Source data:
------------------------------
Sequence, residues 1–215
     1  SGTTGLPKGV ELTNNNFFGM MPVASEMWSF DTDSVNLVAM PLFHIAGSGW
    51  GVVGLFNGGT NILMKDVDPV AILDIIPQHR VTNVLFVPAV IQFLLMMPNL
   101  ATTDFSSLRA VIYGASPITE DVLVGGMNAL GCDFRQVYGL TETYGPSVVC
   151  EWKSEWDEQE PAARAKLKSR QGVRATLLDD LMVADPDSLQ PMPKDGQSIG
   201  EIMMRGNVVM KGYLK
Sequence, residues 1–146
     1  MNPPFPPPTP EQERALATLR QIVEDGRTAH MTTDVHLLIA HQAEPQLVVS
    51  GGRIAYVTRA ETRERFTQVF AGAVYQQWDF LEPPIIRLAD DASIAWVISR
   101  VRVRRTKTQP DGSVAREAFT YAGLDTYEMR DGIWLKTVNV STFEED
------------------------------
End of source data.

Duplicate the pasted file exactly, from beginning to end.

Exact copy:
Sequence, residues 1–215
     1  SGTTGLPKGV ELTNNNFFGM MPVASEMWSF DTDSVNLVAM PLFHIAGSGW
    51  GVVGLFNGGT NILMKDVDPV AILDIIPQHR VTNVLFVPAV IQFLLMMPNL
   101  ATTDFSSLRA VIYGASPITE DVLVGGMNAL GCDFRQVYGL TETYGPSVVC
   151  EWKSEWDEQE PAARAKLKSR QGVRATLLDD LMVADPDSLQ PMPKDGQSIG
   201  EIMMRGNVVM KGYLK
Sequence, residues 1–146
     1  MNPPFPPPTP EQERALATLR QIVEDGRTAH MTTDVHLLIA HQAEPQLVVS
    51  GGRIAYVTRA ETRERFTQVF AGAVYQQWDF LEPPIIRLAD DASIAWVISR
   101  VRVRRTKTQP DGSVAREAFT YAGLDTYEMR DGIWLKTVNV STFEED